You may know it as a publishing company, but Scholastic also has a 120-strong library of arts and crafts kits which is helping it make a name for itself in the toy business, too. Samantha Loveday finds out more about the Klutz brand and what?s coming up next.
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If you think of Scholastic, book publishing is probably the first thing that springs to mind. However, the firm also has a top selling arts and crafts brand – Klutz – which it is looking to further expand in the toy space this year.

The Klutz label boasts 120 product lines, with more planned to launch in 2013, it is part of Scholastic Children’s Books, which is in turn part of Scholastic Inc.

Founded over 90 years ago, it is the largest publisher and distributor of children’s books in the world, and, in the UK, is home to the likes of The Hunger Games trilogy, Horrible Histories and the Children’s Laureate, Julia Donaldson.

Klutz kits retail from £7.99 up to £14.99, and are already sold by a wide variety of retailers, including independent toy shops and High Street book shops, craft outlets, educational toy retailers and online.

Top sellers in 2012 included LEGO Contraptions, Drawing for the Artistically Undiscovered, Paper Fashions, Star Wars Folded Flyers, Nail Art, Cat’s Cradle, Paper Airplanes, Friend Bracelet NE, How to Draw Star Wars and Stencil Art.

“Klutz is an established brand, with strong brand loyalty. It is very important in the arts and crafts sector to make sure that customers are getting value for money,” explains Sarah Burgess, key account manager at Scholastic Children’s Books. 

“Klutz kits always provide this as they are packed with brilliant ideas and everything that you need to make them. The Klutz products are very colourful and eye-catching, so stand out well on the shelf.”

New products to look out for this year, says Burgess, include Clay Charms (charm chain adornments), Dot Jewellery (for children to create their own custom jewellery), Scoubidou (to make bracelets, key rings and ponytail holders), and Impossible Objects (which includes 25 science-based projects). There’s also Pom Pom Puppies (knitted pups) and Toolbox Jewellery (which lets children turn hardware into metal jewellery). Although Klutz already has healthy distribution, further expansion into the toy sector has been earmarked for 2013.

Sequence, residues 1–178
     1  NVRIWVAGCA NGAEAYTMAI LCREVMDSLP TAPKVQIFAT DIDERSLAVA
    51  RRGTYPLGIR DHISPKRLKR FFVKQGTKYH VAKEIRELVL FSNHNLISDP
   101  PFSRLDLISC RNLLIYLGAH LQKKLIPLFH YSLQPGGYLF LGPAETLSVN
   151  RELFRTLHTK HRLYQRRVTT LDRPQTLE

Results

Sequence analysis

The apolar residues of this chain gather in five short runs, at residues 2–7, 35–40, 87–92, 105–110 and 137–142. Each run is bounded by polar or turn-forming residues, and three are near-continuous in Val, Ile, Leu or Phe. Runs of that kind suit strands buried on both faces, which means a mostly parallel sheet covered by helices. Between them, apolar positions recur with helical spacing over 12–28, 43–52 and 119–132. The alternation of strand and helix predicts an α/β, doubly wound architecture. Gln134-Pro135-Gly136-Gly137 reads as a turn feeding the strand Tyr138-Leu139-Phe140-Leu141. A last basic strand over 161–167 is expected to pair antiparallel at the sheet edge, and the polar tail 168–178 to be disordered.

Burgess comments: “We would consider offering extra discount to new independent toy retailers who come on board, and we can also look at supplying spinners for display purposes and Klutz event kits for use in-store to familiarise customers with the brand.

“We would potentially consider becoming a member of Toymaster to help build business with the indie sector.”

As well as various sizes of spinners, Scholastic also has six-copy display packs for some of the Klutz lines to help them stand out on shelf, while it is also currently considering the idea of a Klutz loyalty card to encourage repeat purchase. It’s certainly shaping up to be a busy year for the brand and Burgess has high hopes for its performance. 

“By the end of 2013 we would like to have increased our distribution of Klutz with both High Street and independent toy retailers,” she says. “Also, to have raised awareness of the brand with consumers, which we are looking to achieve with some targeted consumer advertising.”

And longer term aims? Simple, says Burgess: “We would like Klutz to be the absolute go-to brand for all things arts, craft, activity and creative learning.”

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